With India said to have the world’s lowest records of gender balance in the workplace, L’Oreal India has taken steps to prove its commitment to changing this and has now been certified by Geneva-based EDGE Certified Foundation.
Following a nine-month process, the cosmetics multinational has worked to create gender equality within its Indian company. However, despite there being a clear imbalance in favor of male workers in the country, L’Oreal India’s problem was on the contrary.
Mumbai-based L’Oreal India HR Director Mohit James said, “We are perceived as an employer of choice for women, at the same time we believe we need to be equal, not favoring one over the other.
“Although the certification may not impact the consumer directly, the outcome is a motivator for employees and therefore a way to push companies to change their internal cultures and do better. It’s definitely a driver of the Indian economy in the next five years.
“There are different pay scales depending on gender. We don’t give equal pay for equal work too much thought, so putting in the framework to eradicate this is important.”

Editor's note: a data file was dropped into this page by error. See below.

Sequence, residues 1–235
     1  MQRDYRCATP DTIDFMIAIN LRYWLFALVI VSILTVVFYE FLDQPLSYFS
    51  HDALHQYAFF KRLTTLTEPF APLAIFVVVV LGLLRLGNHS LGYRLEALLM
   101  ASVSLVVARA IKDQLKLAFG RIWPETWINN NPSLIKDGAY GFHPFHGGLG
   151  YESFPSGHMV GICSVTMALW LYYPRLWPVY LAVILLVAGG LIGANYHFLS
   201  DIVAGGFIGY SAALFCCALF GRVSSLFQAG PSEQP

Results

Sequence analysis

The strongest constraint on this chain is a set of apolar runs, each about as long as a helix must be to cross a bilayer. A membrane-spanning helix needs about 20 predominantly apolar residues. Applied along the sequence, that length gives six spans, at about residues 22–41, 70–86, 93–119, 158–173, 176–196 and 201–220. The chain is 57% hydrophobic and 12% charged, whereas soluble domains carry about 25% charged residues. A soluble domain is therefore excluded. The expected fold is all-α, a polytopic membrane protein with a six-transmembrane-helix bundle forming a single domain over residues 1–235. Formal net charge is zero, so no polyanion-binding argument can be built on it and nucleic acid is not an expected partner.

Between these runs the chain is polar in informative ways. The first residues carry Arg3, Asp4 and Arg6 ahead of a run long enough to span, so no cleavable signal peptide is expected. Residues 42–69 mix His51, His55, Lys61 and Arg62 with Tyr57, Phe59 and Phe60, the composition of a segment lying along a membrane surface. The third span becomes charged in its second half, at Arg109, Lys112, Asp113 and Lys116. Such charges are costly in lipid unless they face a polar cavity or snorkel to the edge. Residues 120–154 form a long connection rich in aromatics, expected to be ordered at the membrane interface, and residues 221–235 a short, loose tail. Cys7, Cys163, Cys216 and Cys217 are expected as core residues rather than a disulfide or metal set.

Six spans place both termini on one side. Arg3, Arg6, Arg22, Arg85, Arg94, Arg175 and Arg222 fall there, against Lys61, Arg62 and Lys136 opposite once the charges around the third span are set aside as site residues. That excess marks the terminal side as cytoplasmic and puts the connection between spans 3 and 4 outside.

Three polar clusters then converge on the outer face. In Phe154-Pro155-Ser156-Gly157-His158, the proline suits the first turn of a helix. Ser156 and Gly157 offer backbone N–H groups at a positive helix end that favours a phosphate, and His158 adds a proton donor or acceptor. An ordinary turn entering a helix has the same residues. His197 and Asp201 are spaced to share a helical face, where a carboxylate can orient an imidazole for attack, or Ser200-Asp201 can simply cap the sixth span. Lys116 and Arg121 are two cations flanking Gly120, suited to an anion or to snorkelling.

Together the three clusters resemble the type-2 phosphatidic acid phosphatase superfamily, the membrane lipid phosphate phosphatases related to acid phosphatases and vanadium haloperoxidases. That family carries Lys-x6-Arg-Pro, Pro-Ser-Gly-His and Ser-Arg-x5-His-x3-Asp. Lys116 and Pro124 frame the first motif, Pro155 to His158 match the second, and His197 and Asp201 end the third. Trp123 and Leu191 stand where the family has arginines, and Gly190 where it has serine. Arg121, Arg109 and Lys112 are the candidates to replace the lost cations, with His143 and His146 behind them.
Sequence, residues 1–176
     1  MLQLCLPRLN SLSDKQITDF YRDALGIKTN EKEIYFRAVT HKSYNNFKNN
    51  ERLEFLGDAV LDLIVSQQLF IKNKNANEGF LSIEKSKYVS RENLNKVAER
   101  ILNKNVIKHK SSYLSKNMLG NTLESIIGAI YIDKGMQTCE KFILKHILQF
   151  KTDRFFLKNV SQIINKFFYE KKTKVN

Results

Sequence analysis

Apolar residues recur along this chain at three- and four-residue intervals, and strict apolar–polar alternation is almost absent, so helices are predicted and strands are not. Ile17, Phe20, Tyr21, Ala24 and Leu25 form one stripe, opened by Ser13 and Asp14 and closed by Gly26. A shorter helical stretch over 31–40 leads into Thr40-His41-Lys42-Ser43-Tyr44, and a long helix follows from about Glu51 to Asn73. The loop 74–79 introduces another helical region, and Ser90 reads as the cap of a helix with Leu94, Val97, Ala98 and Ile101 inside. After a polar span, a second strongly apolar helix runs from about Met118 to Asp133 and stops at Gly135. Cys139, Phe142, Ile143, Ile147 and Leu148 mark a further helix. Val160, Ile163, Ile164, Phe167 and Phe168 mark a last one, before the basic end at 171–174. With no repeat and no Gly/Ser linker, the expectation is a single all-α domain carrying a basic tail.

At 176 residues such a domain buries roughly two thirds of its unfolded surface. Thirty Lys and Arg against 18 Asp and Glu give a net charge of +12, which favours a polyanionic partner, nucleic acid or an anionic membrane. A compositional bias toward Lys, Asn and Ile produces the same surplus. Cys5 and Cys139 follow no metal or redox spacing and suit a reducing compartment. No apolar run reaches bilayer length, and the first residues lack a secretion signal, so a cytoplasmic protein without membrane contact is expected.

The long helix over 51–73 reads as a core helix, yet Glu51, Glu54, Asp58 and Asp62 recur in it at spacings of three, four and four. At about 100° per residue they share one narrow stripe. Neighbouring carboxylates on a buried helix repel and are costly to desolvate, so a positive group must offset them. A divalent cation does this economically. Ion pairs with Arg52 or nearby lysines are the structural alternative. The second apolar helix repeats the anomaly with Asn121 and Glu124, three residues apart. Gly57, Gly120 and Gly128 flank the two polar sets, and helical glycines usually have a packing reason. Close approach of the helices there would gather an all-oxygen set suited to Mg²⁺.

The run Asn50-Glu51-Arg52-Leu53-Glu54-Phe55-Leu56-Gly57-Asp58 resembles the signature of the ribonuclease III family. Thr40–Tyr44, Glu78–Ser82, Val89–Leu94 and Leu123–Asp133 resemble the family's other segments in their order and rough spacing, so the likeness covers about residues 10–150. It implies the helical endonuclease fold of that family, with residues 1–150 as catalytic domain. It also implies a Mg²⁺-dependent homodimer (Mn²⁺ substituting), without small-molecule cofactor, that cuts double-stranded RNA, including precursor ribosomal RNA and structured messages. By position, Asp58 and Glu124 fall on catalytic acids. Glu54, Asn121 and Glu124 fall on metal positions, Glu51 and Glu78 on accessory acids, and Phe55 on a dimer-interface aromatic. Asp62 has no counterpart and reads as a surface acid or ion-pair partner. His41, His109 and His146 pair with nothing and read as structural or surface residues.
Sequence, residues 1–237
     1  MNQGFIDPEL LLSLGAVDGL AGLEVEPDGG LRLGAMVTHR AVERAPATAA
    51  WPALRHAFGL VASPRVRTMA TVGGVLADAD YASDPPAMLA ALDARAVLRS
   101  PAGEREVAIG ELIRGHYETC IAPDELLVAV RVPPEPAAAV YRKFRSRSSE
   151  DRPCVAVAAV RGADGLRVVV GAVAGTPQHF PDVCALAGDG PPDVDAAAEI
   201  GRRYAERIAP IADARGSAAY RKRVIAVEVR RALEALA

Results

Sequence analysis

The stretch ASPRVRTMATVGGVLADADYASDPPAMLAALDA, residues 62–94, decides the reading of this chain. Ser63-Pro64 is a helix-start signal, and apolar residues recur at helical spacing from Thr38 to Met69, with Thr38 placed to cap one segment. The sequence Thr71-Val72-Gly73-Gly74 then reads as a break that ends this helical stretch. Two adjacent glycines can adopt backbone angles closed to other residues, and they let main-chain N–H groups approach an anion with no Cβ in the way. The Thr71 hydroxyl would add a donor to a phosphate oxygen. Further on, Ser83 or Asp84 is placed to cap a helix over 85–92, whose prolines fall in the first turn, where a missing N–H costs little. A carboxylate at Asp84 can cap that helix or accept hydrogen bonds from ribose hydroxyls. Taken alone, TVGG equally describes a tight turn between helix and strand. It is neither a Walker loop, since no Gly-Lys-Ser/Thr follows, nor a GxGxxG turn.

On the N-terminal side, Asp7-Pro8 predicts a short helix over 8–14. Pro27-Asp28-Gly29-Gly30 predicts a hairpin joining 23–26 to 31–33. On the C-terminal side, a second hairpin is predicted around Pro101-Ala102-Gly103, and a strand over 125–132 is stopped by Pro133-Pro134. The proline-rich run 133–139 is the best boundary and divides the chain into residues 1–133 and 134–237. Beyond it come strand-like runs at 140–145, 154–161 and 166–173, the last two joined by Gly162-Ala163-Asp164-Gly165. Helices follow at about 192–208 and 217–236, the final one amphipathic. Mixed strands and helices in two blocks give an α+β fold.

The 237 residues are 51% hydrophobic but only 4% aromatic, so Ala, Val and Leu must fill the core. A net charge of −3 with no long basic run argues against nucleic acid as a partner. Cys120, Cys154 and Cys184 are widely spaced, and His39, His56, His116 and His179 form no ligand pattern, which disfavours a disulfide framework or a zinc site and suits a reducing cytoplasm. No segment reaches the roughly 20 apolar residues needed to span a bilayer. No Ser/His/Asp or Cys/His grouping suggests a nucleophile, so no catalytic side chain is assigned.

The certification company EDGE works with companies to bring balance to their hiring processes. Indeed, L’Oreal undertook many audits and surveys in order to achieve the certification.
It is said that the lack of gender equality in the country is holding it back from reaping greater financial gain. According to a new report released by McKinsey Global Institute (MGI), advancing women’s equality can add $12 trillion to global growth, and that women contribute just 17 per cent to India’s GDP. Shockingly, women make up less than a quarter of the workforce in the country.
EDGE Certified Foundation Co-Founder Aniela Unguresan said, “The certifications create standards and objectives for companies to present a credible story to stakeholders about their commitment to progress.
“India was not a focus for us. Our work with Indian subsidiaries of multinational companies started because of the phenomenal impact – the sheer number of people employed.”
Unguresan continued, “The increasing power of women not just as consumers, but also as investors means the landscape is changing, companies need to operate in very different settings.”